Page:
Badges of belonging

I was working in Rotorua last week, the locals call it Rotovegas, no full blown casinos here, but the usual complement of one armed bandits that leave their mark on society, much the same way as dogs pee on lampposts, not really, visible, but if you hang around long enough you can smell that they have been there and like an unneutered dog, their offspring are visible not just on the mean streets but right through society, heartbreak poverty crime, like uncontrolled mangy, marauding, menacing mongrels, mooching through the streets.

I didn’t intend to move down that path, but it fits into the next part of what I wanted to say.  I blogged the other week about how everyone wants to belong as I was working in Rotorua I was observing the badges that people were wearing.  Not necessarily badges that say member of this group or that group although some people were wearing these but clothing, sunglasses, jewellery, cars, and lanyards.  It was the lanyards that I saw that sparked this blog, I am sure that you have seen them, most often branded with company logos.  My first memory of these is associated with a learning institution that saw an opportunity to build their brand and encourage a sense of belonging.  The lanyards most often used for key holders were an integral part of the uniform that they adopted.

The group in society that adopted this were most often the disaffected, downtrodden and on the margins.  This was an interesting phenomena and at first I thought badges were  pretty naff, and to be honest showed a lack of class, but as I examined a that attitude and be how badging  reflects itself in our society I have come to a different point of view.  A sense of belonging is one of the things that features in hierarchies of needs.  Changes in our society have eroding a sense of belonging and the forms that establishing that have morphed considerably.  Traditional forms of belonging generally fell into things like class, which in New Zealand often meant what work you did, religion, family and ethnicity. We have seen many things in society that have torn apart these institutions of belonging especially in the last years that I am cognisant of.  These changes have mostly affected what used to be referred to as the working class, generally those who have not progressed very much in the education system.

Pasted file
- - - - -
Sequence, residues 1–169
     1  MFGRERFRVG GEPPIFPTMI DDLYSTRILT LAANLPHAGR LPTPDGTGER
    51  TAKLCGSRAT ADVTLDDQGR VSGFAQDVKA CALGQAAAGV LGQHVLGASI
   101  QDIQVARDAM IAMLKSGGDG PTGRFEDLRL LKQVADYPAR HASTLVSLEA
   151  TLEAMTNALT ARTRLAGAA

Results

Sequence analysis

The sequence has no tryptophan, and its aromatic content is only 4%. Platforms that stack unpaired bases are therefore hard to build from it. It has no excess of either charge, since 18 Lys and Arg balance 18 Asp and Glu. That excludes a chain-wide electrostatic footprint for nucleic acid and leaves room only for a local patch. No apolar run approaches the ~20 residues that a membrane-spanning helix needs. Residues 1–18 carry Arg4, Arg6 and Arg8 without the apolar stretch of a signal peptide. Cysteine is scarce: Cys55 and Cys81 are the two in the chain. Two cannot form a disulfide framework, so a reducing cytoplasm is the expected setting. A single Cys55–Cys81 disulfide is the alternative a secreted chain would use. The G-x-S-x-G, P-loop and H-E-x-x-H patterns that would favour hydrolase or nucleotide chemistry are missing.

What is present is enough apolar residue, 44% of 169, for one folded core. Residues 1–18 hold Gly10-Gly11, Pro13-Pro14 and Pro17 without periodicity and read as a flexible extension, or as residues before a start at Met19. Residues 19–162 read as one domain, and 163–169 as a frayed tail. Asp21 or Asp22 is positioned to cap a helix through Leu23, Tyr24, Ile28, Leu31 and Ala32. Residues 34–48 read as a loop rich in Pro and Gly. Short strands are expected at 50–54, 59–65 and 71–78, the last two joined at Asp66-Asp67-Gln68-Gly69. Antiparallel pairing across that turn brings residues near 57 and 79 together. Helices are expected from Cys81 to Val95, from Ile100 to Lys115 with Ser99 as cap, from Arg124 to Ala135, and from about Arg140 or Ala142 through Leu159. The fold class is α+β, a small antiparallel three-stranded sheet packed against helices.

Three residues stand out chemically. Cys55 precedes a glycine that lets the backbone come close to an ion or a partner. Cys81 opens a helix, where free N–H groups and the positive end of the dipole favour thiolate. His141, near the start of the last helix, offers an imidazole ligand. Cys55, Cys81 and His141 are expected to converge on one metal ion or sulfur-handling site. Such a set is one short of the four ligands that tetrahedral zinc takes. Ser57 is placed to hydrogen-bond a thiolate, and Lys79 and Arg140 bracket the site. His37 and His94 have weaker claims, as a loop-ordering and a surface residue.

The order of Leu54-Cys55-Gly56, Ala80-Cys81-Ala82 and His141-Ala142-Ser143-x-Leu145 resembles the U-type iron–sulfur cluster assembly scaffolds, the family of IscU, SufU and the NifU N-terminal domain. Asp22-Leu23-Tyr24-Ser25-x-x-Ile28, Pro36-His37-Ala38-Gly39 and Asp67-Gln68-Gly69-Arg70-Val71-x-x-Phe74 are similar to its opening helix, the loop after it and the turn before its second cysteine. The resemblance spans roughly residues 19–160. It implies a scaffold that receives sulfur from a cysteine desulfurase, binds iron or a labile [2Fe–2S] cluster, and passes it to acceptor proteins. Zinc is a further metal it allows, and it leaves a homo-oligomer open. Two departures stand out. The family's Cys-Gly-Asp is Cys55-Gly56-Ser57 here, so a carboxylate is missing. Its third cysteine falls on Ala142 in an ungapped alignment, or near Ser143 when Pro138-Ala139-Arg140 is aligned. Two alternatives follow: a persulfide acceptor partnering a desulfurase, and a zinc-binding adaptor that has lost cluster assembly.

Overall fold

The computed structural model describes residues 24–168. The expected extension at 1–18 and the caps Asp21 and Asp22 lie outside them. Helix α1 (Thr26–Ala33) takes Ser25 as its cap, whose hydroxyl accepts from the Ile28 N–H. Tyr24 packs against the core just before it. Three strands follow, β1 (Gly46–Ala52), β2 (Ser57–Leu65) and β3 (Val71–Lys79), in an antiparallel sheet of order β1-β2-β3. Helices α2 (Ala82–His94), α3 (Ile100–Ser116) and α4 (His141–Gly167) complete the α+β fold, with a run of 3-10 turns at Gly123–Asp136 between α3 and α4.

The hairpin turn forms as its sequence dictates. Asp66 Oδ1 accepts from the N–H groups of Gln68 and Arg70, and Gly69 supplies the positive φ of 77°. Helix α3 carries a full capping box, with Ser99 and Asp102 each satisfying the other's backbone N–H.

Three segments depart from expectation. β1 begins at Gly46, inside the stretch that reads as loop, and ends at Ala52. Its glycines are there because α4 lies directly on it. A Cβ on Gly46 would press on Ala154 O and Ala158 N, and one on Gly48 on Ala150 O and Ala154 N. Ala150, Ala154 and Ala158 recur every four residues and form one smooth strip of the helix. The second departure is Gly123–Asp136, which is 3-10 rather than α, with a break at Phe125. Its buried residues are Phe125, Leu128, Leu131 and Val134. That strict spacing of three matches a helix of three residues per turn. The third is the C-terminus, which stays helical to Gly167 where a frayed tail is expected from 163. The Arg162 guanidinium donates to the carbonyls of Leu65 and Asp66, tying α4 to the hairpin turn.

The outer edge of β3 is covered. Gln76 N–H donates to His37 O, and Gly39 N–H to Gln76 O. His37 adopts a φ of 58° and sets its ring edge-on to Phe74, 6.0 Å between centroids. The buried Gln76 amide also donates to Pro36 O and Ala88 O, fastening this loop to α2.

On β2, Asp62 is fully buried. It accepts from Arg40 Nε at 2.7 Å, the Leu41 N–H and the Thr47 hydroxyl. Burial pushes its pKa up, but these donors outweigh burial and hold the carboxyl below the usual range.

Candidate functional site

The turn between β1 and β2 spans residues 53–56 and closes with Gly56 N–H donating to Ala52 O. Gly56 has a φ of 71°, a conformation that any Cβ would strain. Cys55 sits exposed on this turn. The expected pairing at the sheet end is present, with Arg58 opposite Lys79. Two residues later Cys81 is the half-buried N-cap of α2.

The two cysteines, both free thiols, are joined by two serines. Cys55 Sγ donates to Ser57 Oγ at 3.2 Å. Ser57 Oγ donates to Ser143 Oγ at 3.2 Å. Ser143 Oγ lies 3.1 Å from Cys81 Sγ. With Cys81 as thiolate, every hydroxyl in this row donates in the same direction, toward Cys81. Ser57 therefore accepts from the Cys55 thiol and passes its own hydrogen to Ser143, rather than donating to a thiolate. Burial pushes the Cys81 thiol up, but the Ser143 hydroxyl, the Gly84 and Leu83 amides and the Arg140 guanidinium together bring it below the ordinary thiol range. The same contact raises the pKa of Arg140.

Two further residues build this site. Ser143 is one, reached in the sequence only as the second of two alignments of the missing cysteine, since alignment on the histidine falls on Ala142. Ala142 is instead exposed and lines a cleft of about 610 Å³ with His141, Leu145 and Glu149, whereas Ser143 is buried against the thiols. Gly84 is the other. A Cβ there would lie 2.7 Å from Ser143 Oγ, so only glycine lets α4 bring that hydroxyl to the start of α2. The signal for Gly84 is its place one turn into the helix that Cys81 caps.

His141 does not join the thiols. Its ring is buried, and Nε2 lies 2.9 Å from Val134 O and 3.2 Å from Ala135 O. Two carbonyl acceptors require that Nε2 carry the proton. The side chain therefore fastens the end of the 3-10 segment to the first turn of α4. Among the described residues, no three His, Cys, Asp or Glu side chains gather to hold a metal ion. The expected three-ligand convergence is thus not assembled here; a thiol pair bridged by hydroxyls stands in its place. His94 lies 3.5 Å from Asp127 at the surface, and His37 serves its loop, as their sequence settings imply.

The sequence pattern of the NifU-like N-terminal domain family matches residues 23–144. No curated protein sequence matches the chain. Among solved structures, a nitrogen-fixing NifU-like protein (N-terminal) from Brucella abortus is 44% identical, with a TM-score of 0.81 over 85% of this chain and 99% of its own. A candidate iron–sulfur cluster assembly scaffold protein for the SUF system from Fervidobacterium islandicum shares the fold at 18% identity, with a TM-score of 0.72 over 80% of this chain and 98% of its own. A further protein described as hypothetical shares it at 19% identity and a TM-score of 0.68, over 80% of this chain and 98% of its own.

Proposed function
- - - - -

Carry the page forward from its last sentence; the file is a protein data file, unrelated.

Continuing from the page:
These people have become the most vulnerable to changes in society, with unemployment affected this group in society markedly, unfortunately the demographic of this group is most often marked by Maaori being represented disproportionately.  The reasons for this are varied and too complex to enter into here but suffice to say they are over represented.  It is this group who have taken to badging with some enthusiasm.  The obvious badges are the jackets and the lanyards, but it extends itself from this to the clothes that they wear and the colours of those clothes.  I have heard comments about this as being low class, trailer trash, and to be honest I have caught myself thinking along those lines but reflection on this tells a different story.

The practice of badging is not confined to those who are less well of in society, it is prevalent in all sectors of society, the difference is the tokens, emblems or artefacts that are used to denote or mark the belonging to a group.  These symbols are not so obvious at first glance but they are clearly obvious to those who are in the know.  One of those symbols that have become fashionable are the car stickers denoting members of your family.  They come in many forms and you can personalise the configuration, other symbols are brand name clothing, cars, jewellery, and even phone numbers.  Over the next couple of blogs I will have a look at this need to belong and how it can be negative and positive.  What I wanted to say is that before condemning those who wear badges that you don’t identify with have a look at the badges you wear and reflect on how those badges reflect your identity.

Till next time, live, laugh and love.

Paul

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